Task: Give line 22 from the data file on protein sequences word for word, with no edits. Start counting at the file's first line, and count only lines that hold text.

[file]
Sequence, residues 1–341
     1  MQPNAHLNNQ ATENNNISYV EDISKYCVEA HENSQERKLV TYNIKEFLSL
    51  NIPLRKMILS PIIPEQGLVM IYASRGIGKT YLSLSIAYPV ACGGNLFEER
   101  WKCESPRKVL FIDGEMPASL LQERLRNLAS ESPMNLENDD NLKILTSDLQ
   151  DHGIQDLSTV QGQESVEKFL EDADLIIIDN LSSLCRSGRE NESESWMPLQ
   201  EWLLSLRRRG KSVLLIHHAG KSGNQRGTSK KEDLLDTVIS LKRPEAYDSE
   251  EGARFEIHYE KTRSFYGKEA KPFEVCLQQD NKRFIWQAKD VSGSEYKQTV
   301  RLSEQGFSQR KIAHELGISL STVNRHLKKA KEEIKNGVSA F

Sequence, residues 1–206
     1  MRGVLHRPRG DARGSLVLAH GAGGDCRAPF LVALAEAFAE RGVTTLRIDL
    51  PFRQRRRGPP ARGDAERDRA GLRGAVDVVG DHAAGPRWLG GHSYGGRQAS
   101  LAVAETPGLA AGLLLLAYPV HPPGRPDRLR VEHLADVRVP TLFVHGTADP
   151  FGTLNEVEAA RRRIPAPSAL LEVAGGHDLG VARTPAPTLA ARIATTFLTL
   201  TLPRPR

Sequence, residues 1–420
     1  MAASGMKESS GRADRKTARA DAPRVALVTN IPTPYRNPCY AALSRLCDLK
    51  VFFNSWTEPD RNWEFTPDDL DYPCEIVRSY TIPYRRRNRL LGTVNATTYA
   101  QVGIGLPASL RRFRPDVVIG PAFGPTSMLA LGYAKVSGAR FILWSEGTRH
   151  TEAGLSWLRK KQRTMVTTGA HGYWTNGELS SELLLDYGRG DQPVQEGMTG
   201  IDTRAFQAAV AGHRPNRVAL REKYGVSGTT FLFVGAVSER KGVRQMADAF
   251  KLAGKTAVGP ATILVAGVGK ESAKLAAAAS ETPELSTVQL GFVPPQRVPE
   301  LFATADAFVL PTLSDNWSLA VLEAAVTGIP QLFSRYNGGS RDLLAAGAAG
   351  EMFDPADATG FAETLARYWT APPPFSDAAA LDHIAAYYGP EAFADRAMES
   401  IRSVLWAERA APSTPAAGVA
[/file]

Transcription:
   301  LFATADAFVL PTLSDNWSLA VLEAAVTGIP QLFSRYNGGS RDLLAAGAAG